And some elected officials like city councilwoman Lesa Heebner of Solana Beach are beginning to raise questions they want answered if Edison brings San Onofre back on line.

“What we’d like to do is have them listen to the lesson of Fukushima and extend the safety radius from ten miles to 50 miles,” Heebner said. “Solana Beach is within 30 miles, so we are well within a range that has been proven to be a source of danger.”

Other city councils in communities around San Onofre are paying more attention to the nuclear power plant sitting on their coastline. The Irvine city council may vote next week to ask for the plant to be decommissioned - long before 2022 when its license will come up for renewal.

Edison's website now specificies it would take 18 square miles of solar panels to replace the energy generated by the nuclear power plant http://www.songscommunity.com/default.asp

Comments

Avatar for user 'jennymo'

jennymo | April 18, 2012 at 2:14 p.m. ― 2 years, 7 months ago

We cannot continue running SONGS! The risk of a fukushima-like event where there are 8 million people within the recommended 50 mile evacuation radius is just too great to bear in return for 5% of California's energy needs. I'm with Jim Bell in turning some of the hundreds of millions of dollars that will be required to get this 40 year old Nuclear plant up and running again into rooftop solar. I'm looking into it for my house and will only have to pay $100/month for a 20 year lease to cover all my electricity! It is the same as my current electric bill and no money down! If I put money down it would be cheaper yet. Besides which, the current grid without SONGS can supply enough electricity for this summer and beyond. They are fear mongering! They are desperate! Keep up the pressure and keep them shut down!

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Avatar for user 'JIFFY'

JIFFY | April 18, 2012 at 4:55 p.m. ― 2 years, 7 months ago

jennymo how do I go about getting the deal you are getting for your power source

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Avatar for user 'djysrv'

djysrv | April 18, 2012 at 5 p.m. ― 2 years, 7 months ago

In his second report on San Onofre, Gundersen makes some claims which on review don't appear to stand up to scrutiny. This time he says the addition of 400 tubes and the removal of a support bracket to make room for them is the cause of the excessive wear in the steam generators.

After reading it, I'm skeptical he has a point because the scale of modifications seems to be a lot less than he claims. If you have 9,300 tubes, and add 400 or 4.3% more, how does that change compromise the entire system?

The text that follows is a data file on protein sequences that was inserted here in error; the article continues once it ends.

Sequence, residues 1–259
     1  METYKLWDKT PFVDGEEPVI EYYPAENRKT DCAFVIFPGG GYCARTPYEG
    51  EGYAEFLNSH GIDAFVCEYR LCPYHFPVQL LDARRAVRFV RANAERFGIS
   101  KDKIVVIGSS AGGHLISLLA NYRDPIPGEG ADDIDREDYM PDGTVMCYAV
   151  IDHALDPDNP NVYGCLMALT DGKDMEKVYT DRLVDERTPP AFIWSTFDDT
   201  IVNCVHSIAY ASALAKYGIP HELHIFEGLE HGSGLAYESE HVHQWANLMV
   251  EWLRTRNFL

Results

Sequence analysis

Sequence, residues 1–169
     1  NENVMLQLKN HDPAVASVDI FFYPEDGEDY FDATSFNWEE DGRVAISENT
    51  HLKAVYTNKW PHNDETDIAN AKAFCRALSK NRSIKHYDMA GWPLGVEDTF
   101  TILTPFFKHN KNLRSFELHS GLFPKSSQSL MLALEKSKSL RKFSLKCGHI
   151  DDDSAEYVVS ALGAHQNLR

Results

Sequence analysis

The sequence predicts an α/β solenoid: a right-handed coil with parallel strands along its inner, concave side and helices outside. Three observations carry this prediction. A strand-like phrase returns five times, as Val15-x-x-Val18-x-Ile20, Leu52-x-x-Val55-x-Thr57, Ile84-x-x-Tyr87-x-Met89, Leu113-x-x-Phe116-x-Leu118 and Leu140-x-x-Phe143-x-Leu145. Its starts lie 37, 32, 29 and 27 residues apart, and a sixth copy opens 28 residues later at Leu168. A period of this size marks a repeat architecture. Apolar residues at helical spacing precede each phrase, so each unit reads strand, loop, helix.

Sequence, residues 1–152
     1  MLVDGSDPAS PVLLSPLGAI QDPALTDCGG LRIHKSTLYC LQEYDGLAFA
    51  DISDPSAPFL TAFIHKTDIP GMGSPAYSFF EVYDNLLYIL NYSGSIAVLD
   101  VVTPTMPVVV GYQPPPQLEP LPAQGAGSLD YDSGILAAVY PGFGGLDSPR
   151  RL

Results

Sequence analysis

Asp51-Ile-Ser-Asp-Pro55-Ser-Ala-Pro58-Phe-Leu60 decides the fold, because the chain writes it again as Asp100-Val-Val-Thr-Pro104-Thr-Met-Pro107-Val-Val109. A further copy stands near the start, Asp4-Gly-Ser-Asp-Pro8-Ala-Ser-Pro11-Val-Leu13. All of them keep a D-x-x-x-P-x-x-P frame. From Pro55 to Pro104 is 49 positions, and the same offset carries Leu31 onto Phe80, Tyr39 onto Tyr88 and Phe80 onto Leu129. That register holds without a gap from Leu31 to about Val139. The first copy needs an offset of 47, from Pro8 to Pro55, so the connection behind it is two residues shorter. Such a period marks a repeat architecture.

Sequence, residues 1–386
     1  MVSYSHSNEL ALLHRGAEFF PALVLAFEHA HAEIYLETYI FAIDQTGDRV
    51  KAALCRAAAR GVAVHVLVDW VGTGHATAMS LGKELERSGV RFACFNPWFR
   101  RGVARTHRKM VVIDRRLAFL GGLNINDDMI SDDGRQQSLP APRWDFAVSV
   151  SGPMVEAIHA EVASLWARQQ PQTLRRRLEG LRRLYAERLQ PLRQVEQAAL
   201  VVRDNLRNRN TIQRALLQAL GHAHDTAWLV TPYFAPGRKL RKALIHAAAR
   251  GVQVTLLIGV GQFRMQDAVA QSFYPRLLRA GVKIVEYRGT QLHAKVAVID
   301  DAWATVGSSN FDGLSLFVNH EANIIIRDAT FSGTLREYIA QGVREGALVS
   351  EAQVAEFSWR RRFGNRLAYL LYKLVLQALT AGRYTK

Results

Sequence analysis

Mort importantly, where do his numbers come from? Clearly, he hasn't been to the plant and there are no references to design documents either in his possession or cited in the NRC's ADAMS database. He discusses a series of "decisions" and "design changes," but none of his claims are back up by citations to technical drawings, engineering reports, or similar sources. He displays one generic drawing of a steam generator. The one shown above is not from his report, but rather from an open source on the Internet.

Nuclear engineers document decisions to make modifications to reactors. There are extensive paper trails for each step in the process. Gundersen's citations don't include any from the plant or the manufacturer or the NRC. So where do the conclusions in the report come from?

It leaves him open to the question of whether he's just speculating based on generic information generally available in nuclear industry literature. Gundersen cites an article published in Nuclear Engineering International as a source for his analysis. Readers will find it interesting, but not for the reasons cited in Gundersen's report. This is a descriptive article and not an engineering analysis of the current issues with the steam generator. It includes some of the requirements that went into the design and the performance results expected from the units.

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Avatar for user 'JRGordon'

JRGordon | April 19, 2012 at 7:16 a.m. ― 2 years, 7 months ago

Jim Bell's plan only replaces MW for MW. But he fails to account for the fact that renewables are inherently variable, whereas nuclear is constant. If San Onofre were to be permanently closed, then CA would have to find a way to replace it with another constant, baseline source of power - such as nat gas or coal. Both are less green, both would be more expensive, and because of constraints in CA's transmission capacity (i.e. our power infrastructure sucks due to excessive regulation and difficulties in building more - see Sunrise Power Link), they would have to be local. These are not reasonable or feasible options. In the long-term, renewables have a strong place alongside nat gas and nuc, but in order to really lessen reliability on non-renewables while maintaining grid stability (and preventing further catastrophic blackouts), regulators will need to allow utilities to build substantially more transmission.